IoT Strategies

Leading Lights 2016 Finalists: Most Innovative IoT/M2M Strategy

The Internet of Things (IoT) continues to rise up the agenda for service providers globally. A future in which billions of objects need to be connected clearly represents a huge opportunity for existing telcos and new entrants alike. But which companies appear to be doing something truly groundbreaking in this area?

Our shortlist for Most Innnovative IoT/M2M Strategy comprises four companies targeting the IoT opportunity in markedly different ways. Details of each player and the strategy it is pursuing are provided below. Winners are to be announced at the Leading Lights Awards dinner on Monday, May 23, at the Hotel Ella in Austin, Texas. For more details about that, see this Leading Lights 2016 Awards page. The following day, the Big Communications Event 2016 opens it doors for two days of networking and learning.

In alphabetical order, the finalists for the Most Innovative IoT/M2M Strategy award are as follows:

As one of the two biggest telcos in the US, AT&T Inc. (NYSE: T) needs little introduction, but its smart cities framework is a very recent innovation aimed at supporting the operator's IoT ambitions. Unveiled in January, the framework seeks to provide a blueprint for the rollout of smart city services, and covers the "four pillars" of secure connectivity, technology, vertically integrated solutions and strategic alliances.

What makes all of this unique, says AT&T, is the support the framework has attracted from big hitters including Cisco Systems, Deloitte Development, Ericsson, General Electric, IBM, Intel and Qualcomm. So-called "spotlight" cities and universities backing the innovation include Atlanta, the Georgia Institute of Technology, Chicago and Dallas.

AT&T has already taken some bold strides in IoT and now hopes to provide a spur in the smart cities area by helping companies from different parts of the value chain to collaborate more effectively. Given the sheer might of AT&T and its partners, and plaudits for the initiative from public-sector figures in some of the biggest US cities, this project deserves some serious attention.

Starting out its life as On-Ramp Wireless in 2008, Ingenu has undergone something of a transformation since current CEO John Horn joined the business in July last year. Besides the rebranding (to mean "simply genius," says Horn), the company has shifted its focus from private network deployments to much bigger public systems requiring low-power, wide-area (LPWA) capabilities.

Ingenu's random phase multiple access (RPMA) technology uses 2.4GHz spectrum, which (in principle) means the same devices can be used anywhere in the world, and appears to have been attracting a lot of interest from licensees. While the details of most agreements still remain confidential, Ingenu now claims to have partners in more than 50 countries. It is also building a network in the US it will operate itself.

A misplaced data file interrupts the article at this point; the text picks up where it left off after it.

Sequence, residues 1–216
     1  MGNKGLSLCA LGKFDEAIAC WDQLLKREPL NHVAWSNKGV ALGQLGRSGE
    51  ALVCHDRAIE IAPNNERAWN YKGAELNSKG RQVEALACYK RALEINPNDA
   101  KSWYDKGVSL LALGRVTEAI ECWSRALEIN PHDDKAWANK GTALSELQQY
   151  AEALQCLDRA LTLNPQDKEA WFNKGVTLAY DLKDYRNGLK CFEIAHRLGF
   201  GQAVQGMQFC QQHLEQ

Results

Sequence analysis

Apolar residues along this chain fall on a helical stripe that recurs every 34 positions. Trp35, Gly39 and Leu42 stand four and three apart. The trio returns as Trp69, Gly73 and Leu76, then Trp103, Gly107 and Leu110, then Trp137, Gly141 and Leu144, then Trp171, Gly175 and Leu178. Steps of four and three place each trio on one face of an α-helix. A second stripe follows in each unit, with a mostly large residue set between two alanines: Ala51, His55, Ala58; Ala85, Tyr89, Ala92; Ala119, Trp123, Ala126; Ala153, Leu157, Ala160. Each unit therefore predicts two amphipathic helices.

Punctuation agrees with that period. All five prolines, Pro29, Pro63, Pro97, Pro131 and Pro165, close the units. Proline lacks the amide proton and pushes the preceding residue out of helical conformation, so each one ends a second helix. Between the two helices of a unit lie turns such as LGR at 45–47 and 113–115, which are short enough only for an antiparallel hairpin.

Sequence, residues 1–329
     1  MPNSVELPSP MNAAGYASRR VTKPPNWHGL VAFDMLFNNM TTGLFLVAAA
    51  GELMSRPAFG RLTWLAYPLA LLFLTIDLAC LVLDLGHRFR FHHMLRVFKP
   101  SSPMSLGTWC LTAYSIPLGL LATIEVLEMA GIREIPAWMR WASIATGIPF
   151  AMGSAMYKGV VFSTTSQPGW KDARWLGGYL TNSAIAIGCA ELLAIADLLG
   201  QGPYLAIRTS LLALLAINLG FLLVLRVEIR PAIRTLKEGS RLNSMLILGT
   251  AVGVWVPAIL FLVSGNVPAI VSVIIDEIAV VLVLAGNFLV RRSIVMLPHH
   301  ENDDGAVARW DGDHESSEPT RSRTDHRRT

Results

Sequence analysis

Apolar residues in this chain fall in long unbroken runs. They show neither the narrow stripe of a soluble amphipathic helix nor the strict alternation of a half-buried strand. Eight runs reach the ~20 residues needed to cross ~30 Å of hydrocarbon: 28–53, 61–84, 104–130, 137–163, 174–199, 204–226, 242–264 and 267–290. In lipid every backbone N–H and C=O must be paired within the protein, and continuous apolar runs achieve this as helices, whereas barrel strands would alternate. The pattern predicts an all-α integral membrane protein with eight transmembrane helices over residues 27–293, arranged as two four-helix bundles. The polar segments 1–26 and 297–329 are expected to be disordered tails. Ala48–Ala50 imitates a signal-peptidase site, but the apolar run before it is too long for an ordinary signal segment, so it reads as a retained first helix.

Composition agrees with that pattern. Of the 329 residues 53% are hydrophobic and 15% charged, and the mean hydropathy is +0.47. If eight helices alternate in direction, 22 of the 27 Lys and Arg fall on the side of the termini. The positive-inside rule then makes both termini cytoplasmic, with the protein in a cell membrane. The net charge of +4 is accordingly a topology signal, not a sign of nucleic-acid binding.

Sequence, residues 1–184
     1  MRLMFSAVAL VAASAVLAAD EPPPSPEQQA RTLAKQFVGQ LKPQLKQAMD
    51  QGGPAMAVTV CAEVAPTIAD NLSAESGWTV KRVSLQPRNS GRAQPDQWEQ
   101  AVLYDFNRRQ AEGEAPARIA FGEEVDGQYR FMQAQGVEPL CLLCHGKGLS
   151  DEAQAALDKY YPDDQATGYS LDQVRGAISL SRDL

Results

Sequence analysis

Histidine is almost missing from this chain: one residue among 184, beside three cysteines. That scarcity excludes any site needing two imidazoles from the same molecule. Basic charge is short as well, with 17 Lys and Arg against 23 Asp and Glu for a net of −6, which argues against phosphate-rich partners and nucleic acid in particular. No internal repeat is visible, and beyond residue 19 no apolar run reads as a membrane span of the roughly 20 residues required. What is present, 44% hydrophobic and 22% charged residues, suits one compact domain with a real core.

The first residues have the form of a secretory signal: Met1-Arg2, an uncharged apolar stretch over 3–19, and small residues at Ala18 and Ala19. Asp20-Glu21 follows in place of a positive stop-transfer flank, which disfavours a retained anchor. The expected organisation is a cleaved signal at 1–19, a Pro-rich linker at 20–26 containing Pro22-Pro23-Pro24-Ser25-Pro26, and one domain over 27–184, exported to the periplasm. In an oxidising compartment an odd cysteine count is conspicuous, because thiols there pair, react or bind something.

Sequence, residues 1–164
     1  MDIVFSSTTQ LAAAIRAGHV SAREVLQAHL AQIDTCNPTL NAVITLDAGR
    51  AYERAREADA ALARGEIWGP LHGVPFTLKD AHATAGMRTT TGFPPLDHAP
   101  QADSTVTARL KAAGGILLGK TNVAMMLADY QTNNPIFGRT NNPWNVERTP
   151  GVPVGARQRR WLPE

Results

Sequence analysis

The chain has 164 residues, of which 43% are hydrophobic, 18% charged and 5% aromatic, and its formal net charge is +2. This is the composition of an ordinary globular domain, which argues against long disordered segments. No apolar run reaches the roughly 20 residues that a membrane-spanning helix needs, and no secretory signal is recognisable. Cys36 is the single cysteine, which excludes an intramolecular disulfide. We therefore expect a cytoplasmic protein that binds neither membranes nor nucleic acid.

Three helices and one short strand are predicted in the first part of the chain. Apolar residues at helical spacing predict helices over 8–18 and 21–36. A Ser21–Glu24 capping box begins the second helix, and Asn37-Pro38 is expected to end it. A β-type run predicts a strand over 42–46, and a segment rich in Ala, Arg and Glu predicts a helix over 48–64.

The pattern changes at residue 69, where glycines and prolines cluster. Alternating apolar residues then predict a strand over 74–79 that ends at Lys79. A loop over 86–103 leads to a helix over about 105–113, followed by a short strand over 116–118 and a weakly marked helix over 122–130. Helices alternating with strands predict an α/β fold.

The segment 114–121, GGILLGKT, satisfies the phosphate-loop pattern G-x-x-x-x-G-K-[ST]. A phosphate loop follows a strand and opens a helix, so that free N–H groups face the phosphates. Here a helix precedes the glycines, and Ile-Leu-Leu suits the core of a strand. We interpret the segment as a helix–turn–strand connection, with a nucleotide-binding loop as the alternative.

No doubt, Ingenu faces tough competition in this market from other LPWA rivals (and, in future, standards like NB-IoT), but it has become a player worth watching in a relatively short amount of time.

Kore Wireless
Once upon a time, there were three US-based managed services providers targeting opportunities in IoT and M2M: KORE Wireless Group Inc. , Raco Wireless and Wyless. That was before Kore snapped up Raco Wireless, the company formerly run by Ingenu's John Horn, in late 2014, and then followed that move up in March this year with a takeover of Wyless. It is for the latter bit of M&A that Kore makes it on to our shortlist.

At the time, the deal was praised by analysts covering the sector as one that would give Kore far more scale than it previously enjoyed. Together, Kore and Wyless have about 3,000 enterprise customers and serve about 6 million connections. Importantly, the combined company has a range of IoT capabilities besides being able to provide connectivity (which it does through agreements with network operators), including plenty of software expertise and data-center assets in Asia, Europe, Latin America and North America.

Dark fiber provider ZenFi might not be the most obvious candidate for an IoT award, but the network operator believes its access infrastructure has a crucial role to play in this market.

ZenFi's New York dark fiber network is aimed chiefly at supporting small cell deployments, which look set to be critical for a number of IoT applications. ZenFi claims the network it is building is much denser, in terms of fiber access points, than other infrastructure. Colocation spots in neighborhoods are designed to function like mini data centers, processing data and content. Essentially, by pushing capacity and computing capabilities to the network edge, ZenFi believes it is creating an environment in which many IoT applications can flourish.

The company's four-year plan is to cover about 70% of intersections in Manhattan. That should tickle the interest of IoT players in one of the world's biggest cities, and it's earned ZenFi a place on our shortlist.

— Iain Morris, Circle me on Google+ Follow me on TwitterVisit my LinkedIn profile, News Editor, Light Reading

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